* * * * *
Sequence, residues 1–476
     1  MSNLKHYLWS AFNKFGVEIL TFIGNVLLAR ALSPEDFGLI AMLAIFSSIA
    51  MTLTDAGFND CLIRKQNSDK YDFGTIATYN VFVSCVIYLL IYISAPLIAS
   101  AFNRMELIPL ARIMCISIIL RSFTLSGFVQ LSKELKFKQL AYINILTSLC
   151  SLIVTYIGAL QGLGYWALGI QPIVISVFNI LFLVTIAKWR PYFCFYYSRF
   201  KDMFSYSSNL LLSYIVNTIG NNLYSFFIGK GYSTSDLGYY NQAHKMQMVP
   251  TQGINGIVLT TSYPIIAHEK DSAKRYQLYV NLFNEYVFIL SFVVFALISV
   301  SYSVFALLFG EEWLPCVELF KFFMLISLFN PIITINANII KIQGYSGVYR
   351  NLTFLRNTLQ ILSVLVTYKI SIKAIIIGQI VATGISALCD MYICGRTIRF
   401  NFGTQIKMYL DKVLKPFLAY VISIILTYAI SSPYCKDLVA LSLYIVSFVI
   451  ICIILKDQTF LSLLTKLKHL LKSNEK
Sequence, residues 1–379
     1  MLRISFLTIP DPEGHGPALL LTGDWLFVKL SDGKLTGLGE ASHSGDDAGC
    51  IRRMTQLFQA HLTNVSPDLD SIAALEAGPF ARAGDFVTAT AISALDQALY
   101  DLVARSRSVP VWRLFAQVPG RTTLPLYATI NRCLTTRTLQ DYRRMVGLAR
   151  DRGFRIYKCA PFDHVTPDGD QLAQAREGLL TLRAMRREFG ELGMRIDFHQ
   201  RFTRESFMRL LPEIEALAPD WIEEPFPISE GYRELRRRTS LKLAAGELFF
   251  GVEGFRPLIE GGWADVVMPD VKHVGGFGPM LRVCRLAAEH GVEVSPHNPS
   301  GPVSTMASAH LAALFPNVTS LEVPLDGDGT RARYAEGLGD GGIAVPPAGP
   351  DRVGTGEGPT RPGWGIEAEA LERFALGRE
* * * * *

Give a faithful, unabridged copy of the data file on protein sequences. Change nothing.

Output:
Sequence, residues 1–476
     1  MSNLKHYLWS AFNKFGVEIL TFIGNVLLAR ALSPEDFGLI AMLAIFSSIA
    51  MTLTDAGFND CLIRKQNSDK YDFGTIATYN VFVSCVIYLL IYISAPLIAS
   101  AFNRMELIPL ARIMCISIIL RSFTLSGFVQ LSKELKFKQL AYINILTSLC
   151  SLIVTYIGAL QGLGYWALGI QPIVISVFNI LFLVTIAKWR PYFCFYYSRF
   201  KDMFSYSSNL LLSYIVNTIG NNLYSFFIGK GYSTSDLGYY NQAHKMQMVP
   251  TQGINGIVLT TSYPIIAHEK DSAKRYQLYV NLFNEYVFIL SFVVFALISV
   301  SYSVFALLFG EEWLPCVELF KFFMLISLFN PIITINANII KIQGYSGVYR
   351  NLTFLRNTLQ ILSVLVTYKI SIKAIIIGQI VATGISALCD MYICGRTIRF
   401  NFGTQIKMYL DKVLKPFLAY VISIILTYAI SSPYCKDLVA LSLYIVSFVI
   451  ICIILKDQTF LSLLTKLKHL LKSNEK
Sequence, residues 1–379
     1  MLRISFLTIP DPEGHGPALL LTGDWLFVKL SDGKLTGLGE ASHSGDDAGC
    51  IRRMTQLFQA HLTNVSPDLD SIAALEAGPF ARAGDFVTAT AISALDQALY
   101  DLVARSRSVP VWRLFAQVPG RTTLPLYATI NRCLTTRTLQ DYRRMVGLAR
   151  DRGFRIYKCA PFDHVTPDGD QLAQAREGLL TLRAMRREFG ELGMRIDFHQ
   201  RFTRESFMRL LPEIEALAPD WIEEPFPISE GYRELRRRTS LKLAAGELFF
   251  GVEGFRPLIE GGWADVVMPD VKHVGGFGPM LRVCRLAAEH GVEVSPHNPS
   301  GPVSTMASAH LAALFPNVTS LEVPLDGDGT RARYAEGLGD GGIAVPPAGP
   351  DRVGTGEGPT RPGWGIEAEA LERFALGRE